This post is slightly premature, but I'll go for it anyway. Our first flip is on the market (partnership with @Dave J. ), and we had a great response at the open houses this weekend. We've got ourselves the old-fashioned bidding war we were trying to generate, with multiple offers already submitted. I'll update the post once we are under contract.
But here's what we know so far.
Let me emphasize that this was our very first flip. We knew going in that we had a TON to learn, but really wanted to learn by doing. We had been on the sidelines and talking about it for long enough. We expected to make mistakes, but hoped to be able to learn our lessons without losing money. At the outset, we established breaking even and learning as a win. Any profit was a bonus. We obviously ran the numbers and planned to make money, but we weren't going to consider it a failure if it didn't all go according to plan -- as long as we learned something. That may seem a silly mindset to some, but we truly valued the education we would get from the whole process.
We bought the house from a wholesaler, who had it under contract from a bank (REO) at $72k. We later came to believe that we overpayed for the house, which was definitely lesson #1.
We really liked the numbers with our $80k rehab budget. We liked them a lot less with our $100k rehab reality. We didn't have a tight enough scope or timeline in place, so the price tag was an ever-moving target. A much firmer contract with our contractor is lesson #2.
List price: $225k.
This part has actually gone according to plan. Our ARV estimate ended up being on the low end of what realtors suggested once all was said and done. We opted to price it slightly under market in order to ensure a quick sale. Beyond that, we felt that we could generate multiple offers in the first week if we priced it competitively and marketed it aggressively, ultimately getting a higher selling price than if we tried to price the house more aggressively. As of this writing, it looks very much like the house will sell for above asking.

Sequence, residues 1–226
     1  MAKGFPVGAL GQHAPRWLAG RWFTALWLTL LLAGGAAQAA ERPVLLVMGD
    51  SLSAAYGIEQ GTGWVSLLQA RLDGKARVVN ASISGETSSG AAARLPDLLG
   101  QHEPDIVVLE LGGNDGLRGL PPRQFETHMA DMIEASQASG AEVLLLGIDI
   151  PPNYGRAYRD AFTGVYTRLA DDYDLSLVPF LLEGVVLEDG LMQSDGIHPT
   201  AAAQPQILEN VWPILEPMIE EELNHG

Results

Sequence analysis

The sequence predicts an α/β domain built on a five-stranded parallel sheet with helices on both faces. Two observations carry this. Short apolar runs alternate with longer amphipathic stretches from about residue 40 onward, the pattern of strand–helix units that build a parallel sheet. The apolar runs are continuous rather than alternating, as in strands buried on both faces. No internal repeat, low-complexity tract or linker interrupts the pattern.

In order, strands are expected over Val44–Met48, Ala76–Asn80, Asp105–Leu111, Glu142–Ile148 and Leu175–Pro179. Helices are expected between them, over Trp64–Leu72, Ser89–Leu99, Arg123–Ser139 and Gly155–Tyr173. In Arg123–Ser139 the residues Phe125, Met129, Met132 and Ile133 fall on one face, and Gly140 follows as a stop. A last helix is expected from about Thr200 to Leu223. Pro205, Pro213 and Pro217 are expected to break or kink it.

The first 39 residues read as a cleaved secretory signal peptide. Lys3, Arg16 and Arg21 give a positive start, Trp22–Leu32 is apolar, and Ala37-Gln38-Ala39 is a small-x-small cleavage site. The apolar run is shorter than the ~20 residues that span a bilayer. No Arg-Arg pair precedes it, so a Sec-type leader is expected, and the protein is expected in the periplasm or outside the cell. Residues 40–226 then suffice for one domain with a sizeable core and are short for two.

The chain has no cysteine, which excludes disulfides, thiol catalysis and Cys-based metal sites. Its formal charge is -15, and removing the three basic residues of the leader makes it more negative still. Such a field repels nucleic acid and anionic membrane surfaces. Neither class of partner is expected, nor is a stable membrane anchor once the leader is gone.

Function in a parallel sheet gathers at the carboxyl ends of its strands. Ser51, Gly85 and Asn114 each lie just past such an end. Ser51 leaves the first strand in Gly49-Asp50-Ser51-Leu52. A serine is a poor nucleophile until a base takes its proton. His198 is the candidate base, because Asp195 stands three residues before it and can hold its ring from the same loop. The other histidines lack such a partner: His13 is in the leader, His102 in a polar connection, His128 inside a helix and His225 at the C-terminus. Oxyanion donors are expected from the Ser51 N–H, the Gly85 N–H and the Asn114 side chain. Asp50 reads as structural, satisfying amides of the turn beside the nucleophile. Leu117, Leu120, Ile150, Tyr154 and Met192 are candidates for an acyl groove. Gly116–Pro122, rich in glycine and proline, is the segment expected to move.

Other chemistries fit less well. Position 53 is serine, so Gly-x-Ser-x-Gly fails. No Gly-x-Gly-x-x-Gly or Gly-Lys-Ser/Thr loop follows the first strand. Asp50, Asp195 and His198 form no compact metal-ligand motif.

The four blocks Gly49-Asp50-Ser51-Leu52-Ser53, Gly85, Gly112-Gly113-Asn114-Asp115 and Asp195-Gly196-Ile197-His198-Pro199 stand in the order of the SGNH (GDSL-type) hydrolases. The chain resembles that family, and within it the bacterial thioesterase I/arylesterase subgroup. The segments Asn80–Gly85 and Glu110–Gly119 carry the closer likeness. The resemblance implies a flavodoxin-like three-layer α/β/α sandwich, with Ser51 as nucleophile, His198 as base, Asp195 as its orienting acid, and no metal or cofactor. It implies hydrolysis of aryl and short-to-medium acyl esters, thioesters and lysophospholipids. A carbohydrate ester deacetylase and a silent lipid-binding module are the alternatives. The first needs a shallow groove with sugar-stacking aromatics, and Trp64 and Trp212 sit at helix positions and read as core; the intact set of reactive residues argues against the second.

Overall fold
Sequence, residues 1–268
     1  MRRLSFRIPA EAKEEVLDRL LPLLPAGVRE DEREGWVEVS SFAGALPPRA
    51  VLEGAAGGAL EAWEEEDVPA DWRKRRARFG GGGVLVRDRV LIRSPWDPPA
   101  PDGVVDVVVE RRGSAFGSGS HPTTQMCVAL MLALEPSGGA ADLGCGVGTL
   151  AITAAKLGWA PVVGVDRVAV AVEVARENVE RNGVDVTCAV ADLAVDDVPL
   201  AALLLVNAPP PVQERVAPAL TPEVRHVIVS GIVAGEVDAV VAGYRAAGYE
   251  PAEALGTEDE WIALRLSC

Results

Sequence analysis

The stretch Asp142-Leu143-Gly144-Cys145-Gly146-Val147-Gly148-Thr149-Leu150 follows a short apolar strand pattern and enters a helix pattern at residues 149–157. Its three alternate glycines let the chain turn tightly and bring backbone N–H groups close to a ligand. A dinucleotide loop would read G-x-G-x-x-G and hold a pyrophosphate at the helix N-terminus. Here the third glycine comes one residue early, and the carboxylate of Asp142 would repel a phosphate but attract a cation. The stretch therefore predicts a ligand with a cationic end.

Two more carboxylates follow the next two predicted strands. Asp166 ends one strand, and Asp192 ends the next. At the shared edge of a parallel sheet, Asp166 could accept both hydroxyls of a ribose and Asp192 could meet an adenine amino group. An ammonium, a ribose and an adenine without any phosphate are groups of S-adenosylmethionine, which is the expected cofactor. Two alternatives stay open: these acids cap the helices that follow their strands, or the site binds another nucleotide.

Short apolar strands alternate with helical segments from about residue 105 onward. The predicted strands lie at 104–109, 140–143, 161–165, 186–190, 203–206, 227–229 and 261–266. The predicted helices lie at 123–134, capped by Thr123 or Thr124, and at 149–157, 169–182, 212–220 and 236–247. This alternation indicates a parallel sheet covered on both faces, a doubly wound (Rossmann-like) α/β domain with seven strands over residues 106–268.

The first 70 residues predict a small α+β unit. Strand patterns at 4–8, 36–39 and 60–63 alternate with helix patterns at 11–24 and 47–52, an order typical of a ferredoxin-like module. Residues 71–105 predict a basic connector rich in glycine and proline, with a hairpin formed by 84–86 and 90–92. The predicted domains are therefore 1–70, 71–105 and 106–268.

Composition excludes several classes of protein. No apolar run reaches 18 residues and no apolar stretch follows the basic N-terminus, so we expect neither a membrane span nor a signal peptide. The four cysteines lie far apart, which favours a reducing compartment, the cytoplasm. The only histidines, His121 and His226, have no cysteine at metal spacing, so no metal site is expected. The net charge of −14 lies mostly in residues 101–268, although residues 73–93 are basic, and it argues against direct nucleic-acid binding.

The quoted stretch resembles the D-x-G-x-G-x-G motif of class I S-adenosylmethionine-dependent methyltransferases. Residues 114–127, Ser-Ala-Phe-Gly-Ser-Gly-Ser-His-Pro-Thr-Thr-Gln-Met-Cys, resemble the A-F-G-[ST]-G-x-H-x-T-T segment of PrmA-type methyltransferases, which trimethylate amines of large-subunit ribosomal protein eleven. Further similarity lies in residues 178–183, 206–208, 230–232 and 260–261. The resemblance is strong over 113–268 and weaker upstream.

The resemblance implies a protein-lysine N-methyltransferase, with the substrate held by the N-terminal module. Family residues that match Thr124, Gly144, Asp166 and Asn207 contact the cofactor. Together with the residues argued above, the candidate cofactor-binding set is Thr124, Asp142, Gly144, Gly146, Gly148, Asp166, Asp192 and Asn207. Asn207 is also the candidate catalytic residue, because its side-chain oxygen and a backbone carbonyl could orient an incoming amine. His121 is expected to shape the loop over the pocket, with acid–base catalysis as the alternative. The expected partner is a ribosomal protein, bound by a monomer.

This is obviously far below what we planned on, but as I said in the beginning, we consider it a pretty big win. We know so much more now that we did a few months ago, and we know that is going to help us do a much better job on the next flip and every flip that follows. Our break-even number is $215k when accounting for holding and closing costs. We'll see where we ultimately land, but we know we'll make a few bucks. The profit goes straight into marketing so we can build a pipeline of motivated sellers.
I didn't yet get to lesson #3, which is the market we bought in. We intentionally sought out a property in a low-end town for our area, since it gave us the opportunity to get into the market for just $82k. And we were right about the ARV for that neighborhood. The problem, though, is that our ARV put us at the very top of the market for that town. If we put more money into improvements (like new siding, for example), it wouldn't move the list price at all, since we were already the nicest house in the neighborhood without those extra improvements. Buying in a town just one tier up would have given us more flexibility to build in more profit.
A few pics:
Living room before:
Bathroom before (2nd-floor bathroom was used as a makeshift kitchen):
Main floor during (we opened up the floor plan completely):
And a few after shots:
This is amazing! @Judy Rae
Wow nice guys
Great deal. Looks great. This is motivation to take action.
Thank Chris tell me; need know lot of the more is it wholesale house lot out these but I when to the bank they tell me my credit score are too low, I has too fragment, try something to do get my feet up and stand up go tell Bigger pockets help me out ! notice it no money to loan it the house exchange it . Also foreclose it lot out there ???
This is one my client just closed on. He really did a beautiful job on it.
@stevesnyder that house looks good.
How can I put pictures on here from my cell phone?
Mini update on my post above.
We had great response at the open houses on the weekend (Saturday and Sunday both), and have received three written offers, all above asking. I can't comment on the details until we are officially under contract (or maybe closed -- I don't know if there are rules governing any discussion of the offers themselves), but it certainly appears we are going to do better than we thought!
Thanks @Theodore Freeman , @Garrett Chisolm , and @Imani Bell for the encouragement and feedback. @Dave J. and I are super excited to get a win under our belt on the first try. Mostly, we're excited that we took action!
I think I had a customer looking at that same property.... Or maybe there is another currently for sale.